Graduate Student Profile: Ryan Pralle

Please briefly describe your research.

Our lab group specializes in the nutritional physiology of dairy cows during the transition period. This is a critical period as a gravid, involute cow adapts to the metabolic demands of lactation. The energy requirement for milk production may be the greatest challenge, since a typical cow experiences voluntary intake depression coupled with an exponential increase in energy and glucose requirement by the mammary gland. This results in negative energy balance. To adapt, a cow needs to mobilize internal energy reserves, particularly adipose tissue triglycerides, to maintain milk production. However, the severity of the deficit or discoordination of the physiological adaptation can result in two disorders which develop as comorbidities, ketosis and fatty liver. The research projects I work on strive to identify cows at risk for and experiencing these metabolic disorders. Our approach is multidisciplinary, utilizing innovative methods in the fields of genomics, bioinformatics, advanced statistical modeling, and molecular biology.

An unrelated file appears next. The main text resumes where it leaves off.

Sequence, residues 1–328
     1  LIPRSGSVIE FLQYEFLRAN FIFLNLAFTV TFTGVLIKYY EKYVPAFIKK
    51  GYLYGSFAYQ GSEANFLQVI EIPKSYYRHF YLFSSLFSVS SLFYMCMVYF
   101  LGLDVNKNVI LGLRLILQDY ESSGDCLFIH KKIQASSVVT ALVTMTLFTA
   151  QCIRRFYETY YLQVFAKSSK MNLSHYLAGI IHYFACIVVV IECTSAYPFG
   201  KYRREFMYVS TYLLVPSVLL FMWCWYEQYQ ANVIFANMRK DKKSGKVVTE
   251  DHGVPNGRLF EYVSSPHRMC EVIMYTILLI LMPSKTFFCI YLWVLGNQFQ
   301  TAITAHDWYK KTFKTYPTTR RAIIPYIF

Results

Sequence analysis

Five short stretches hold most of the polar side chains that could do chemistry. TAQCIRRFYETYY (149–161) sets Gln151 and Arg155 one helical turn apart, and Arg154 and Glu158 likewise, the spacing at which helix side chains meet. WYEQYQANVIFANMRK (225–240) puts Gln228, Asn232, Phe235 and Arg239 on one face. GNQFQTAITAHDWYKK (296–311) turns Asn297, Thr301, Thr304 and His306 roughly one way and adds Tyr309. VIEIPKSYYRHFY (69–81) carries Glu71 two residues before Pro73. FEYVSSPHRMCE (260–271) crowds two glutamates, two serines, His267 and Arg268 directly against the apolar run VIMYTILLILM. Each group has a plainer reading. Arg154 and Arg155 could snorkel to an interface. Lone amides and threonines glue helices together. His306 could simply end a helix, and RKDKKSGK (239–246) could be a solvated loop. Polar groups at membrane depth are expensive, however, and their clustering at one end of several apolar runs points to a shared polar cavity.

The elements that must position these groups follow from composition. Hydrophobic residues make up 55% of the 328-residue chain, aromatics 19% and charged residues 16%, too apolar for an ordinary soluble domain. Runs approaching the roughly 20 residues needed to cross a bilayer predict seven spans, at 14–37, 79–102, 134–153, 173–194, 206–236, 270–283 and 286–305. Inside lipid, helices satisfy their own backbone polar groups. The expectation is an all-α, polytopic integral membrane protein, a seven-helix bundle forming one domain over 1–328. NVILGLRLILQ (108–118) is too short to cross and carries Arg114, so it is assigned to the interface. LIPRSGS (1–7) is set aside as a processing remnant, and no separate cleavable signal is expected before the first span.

Why did you choose to attend UW-Madison for graduate study?

As an aspiring academic, I was drawn to UW because of the long standing reputation it has as a preeminent research and teaching institution for the life sciences. This allows the university to provide hundreds of courses taught by leaders in their respective fields of research, which help develop students into a well rounded basic and applied scientists. Furthermore, UW graduates are sought after for careers in dairy science, especially in the private industry sector.

What resources have proven invaluable to your academic success at UW (e.g. campus, departmental facilities or staff, the state’s dairy industry)?

The support from Wisconsin dairymen and industry has been paramount to my success as a researcher. My peers and I have conducted a number of large scale studies that would been impossible without farmers and private companies generously providing access to private resources. With their support, we have generated exceptional, large data sets that interrogate a number of questions relevant to advancing the dairy industry. You would be hard-pressed to find a community as progressive and supportive as the one we have in the dairy state.

In your own words, how would you describe the academic environment at UW?

Collaboration drives the environment at UW-Madison. There is constant interaction between students, faculty, and industry; not only in our department, but between departments and institutions. This creates an environment that stimulates learning through networking and acquiring the perspectives of fellow scientists. Therefore, our research is galvanized to be current, impactful, and high quality. All in all, it is an exciting dynamic that is personally rewarding.

What are your post-graduation plans?

I aspire to pursue an academic career in research, teaching, or extension after completing a Ph.D.